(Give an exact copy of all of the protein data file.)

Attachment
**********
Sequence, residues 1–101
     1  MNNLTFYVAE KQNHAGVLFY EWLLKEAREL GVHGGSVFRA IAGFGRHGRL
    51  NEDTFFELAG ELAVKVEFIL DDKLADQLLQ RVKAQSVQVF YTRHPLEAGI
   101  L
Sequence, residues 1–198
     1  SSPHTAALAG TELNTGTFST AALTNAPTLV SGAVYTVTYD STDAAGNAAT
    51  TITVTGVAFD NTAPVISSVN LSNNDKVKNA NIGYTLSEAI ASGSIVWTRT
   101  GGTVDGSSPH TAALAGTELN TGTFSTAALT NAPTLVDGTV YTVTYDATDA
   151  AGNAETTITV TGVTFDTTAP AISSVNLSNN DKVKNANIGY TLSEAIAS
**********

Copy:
Sequence, residues 1–101
     1  MNNLTFYVAE KQNHAGVLFY EWLLKEAREL GVHGGSVFRA IAGFGRHGRL
    51  NEDTFFELAG ELAVKVEFIL DDKLADQLLQ RVKAQSVQVF YTRHPLEAGI
   101  L
Sequence, residues 1–198
     1  SSPHTAALAG TELNTGTFST AALTNAPTLV SGAVYTVTYD STDAAGNAAT
    51  TITVTGVAFD NTAPVISSVN LSNNDKVKNA NIGYTLSEAI ASGSIVWTRT
   101  GGTVDGSSPH TAALAGTELN TGTFSTAALT NAPTLVDGTV YTVTYDATDA
   151  AGNAETTITV TGVTFDTTAP AISSVNLSNN DKVKNANIGY TLSEAIAS